When most people hear the word codependent, they associate it with addiction or behavioral disorders. In fact, the term was coined nearly 40 years ago in context with alcoholism. Codependency can manifest in many ways, but the common factor is that coping mechanisms become mutually destructive.
Love is the subject of many songs and films, creating a culture in which people are driven to make relationships the most important thing in life. For some people, being in love or having relationships isn’t rewarding. Instead, it is full of drama, turbulence and unpredictability, which may be due to codependency.
Posted in Mental Health on November 29, 2017
Last modified on January 27th, 2019
People who have struggled with intense but unhealthy relationships, especially relationships with people who are addicted to alcohol or other substances, have a tough road ahead of them when it comes to rebuilding their ability to forge healthy intimate relationships. Boundaries are the name of the game when trying to offer codependency help, but for many people struggling with codependency in relationships, suggesting boundaries sounds abstract and impossible. Say no? Just let go? Tough love? For people struggling with codependency, these suggestions don’t make sense.
Posted in Mental Health on October 19, 2017
Last modified on April 22nd, 2019
If a teenager in your life is showing any signs of hopelessness or suicidal thoughts, it may be time to find a teen rehab for depression. Unfortunately, signs of suicide often go overlooked in many cultures. In Japan, the suicide rate for children and teens is staggering and mental health professionals are struggling to figure out how to prevent this rampant problem.
Posted in Mental Health on February 22, 2017
Last modified on January 27th, 2019
Your partner or family member has finally gotten into treatment for substance abuse issues — congratulations! Right about now you must be wondering why you keep hearing about codependent behaviors. Isn’t your partner’s use of alcohol or drugs the issue here?
Posted in Mental Health on February 11, 2017
The idea of codependency got its name only about 40 years ago and at that time was largely used to describe the connection between two parties in a relationship that was centered around alcohol abuse. One person, who was addicted to alcohol, became dependent on someone else to take care of them physically and emotionally. The other person’s life became centered around and dependent on helping the addicted person. The two dependencies compounded each other and led to behaviors that were mutually destructive. Codependency has since evolved to describe any relationship one person has with another that manifests in a dysfunctional helping dynamic.
Posted in Mental Health on February 5, 2017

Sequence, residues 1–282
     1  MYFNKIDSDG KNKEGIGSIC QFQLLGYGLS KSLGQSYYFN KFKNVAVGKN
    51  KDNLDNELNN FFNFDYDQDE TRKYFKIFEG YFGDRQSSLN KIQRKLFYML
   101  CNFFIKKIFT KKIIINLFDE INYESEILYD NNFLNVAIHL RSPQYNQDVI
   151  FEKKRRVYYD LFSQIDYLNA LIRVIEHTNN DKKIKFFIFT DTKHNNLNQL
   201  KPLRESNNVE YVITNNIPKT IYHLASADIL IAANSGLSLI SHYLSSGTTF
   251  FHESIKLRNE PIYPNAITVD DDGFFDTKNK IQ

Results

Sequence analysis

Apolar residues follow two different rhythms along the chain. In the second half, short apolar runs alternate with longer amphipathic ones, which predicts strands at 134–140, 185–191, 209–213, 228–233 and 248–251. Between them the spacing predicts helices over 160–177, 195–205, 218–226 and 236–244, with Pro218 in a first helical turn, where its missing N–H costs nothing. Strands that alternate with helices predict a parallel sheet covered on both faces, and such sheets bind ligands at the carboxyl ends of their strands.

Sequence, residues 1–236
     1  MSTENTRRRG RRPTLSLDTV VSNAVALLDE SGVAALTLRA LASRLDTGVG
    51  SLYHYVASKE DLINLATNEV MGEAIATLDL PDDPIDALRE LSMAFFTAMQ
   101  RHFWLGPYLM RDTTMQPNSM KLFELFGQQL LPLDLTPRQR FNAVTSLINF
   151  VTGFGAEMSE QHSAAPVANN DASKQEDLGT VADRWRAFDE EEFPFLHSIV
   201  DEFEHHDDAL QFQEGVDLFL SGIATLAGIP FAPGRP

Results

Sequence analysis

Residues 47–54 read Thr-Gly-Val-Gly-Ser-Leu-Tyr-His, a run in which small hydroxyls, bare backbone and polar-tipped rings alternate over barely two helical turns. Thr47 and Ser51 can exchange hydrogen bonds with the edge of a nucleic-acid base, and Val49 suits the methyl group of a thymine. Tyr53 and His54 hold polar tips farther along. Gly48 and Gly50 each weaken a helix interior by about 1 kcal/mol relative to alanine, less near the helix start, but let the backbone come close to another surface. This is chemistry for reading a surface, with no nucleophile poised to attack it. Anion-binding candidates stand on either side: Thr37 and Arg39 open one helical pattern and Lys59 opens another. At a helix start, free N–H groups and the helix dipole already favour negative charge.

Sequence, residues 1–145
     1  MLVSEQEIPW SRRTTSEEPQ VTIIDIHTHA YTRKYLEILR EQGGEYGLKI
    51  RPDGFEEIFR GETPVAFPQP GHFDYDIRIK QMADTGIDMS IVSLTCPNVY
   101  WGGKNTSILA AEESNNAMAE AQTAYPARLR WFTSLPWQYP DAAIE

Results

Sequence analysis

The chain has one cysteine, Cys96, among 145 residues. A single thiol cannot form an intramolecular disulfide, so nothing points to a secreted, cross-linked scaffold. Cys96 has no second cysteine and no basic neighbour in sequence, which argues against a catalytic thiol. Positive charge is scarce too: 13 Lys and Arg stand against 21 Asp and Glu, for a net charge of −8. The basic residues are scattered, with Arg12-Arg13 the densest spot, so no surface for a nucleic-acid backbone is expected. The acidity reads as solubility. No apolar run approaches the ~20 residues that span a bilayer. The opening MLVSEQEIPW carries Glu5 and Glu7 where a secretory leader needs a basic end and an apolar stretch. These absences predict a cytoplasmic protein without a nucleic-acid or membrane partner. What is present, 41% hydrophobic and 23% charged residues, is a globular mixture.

Last modified on November 25th, 2018
Etizolam is the name of an anti-anxiety medication legally prescribed in several countries (e.g., India, Italy and Japan), but not legally prescribed in the U.S. This medication belongs to a group of substances called thienodiazepines, which bear a strong chemical resemblance to a well-known group of sedative/tranquilizers called benzodiazepines. Unfortunately, in America, etizolam has become a recreational street drug. As with benzodiazepines, the use of thienodiazepines can lead to serious problems that include physical dependence/addiction and overdose. Professional treatment should be sought for benzodiazepine and thienodiazepine abuse.
Posted in Mental Health on February 4, 2017
Last modified on December 2nd, 2018
When it comes to emotional sobriety, AA emphasizes the importance of understanding your emotional triggers. Emotional sobriety is the ability to cope with your emotions in a healthy way rather than turning to alcohol or other drugs to numb, mute or express them. In order to reach this crucial step in the Alcoholics Anonymous (AA) journey, you must first identify your emotional triggers, then plan for how you will deal with such situations productively.
Posted in Mental Health on January 27, 2017
The college years are often referred to as the best four years of your life, but did you know that 70% of college students report inadequate sleep? Especially when starting college, teenage insomnia is a problem for many students. It is difficult to adjust to a new environment and the lack of structure when you’re sleepy throughout the day.
Posted in Mental Health on January 8, 2017
The average adult needs about seven hours of sleep a night to feel fully rested and functional. Teenagers need to get an additional two hours of sleep to maintain their normal function during the day. Unfortunately, if you fail to get enough sleep, you may experience significant feelings of anxiety. At the same time, people with anxiety-related problems may find themselves having difficulty falling asleep or staying asleep.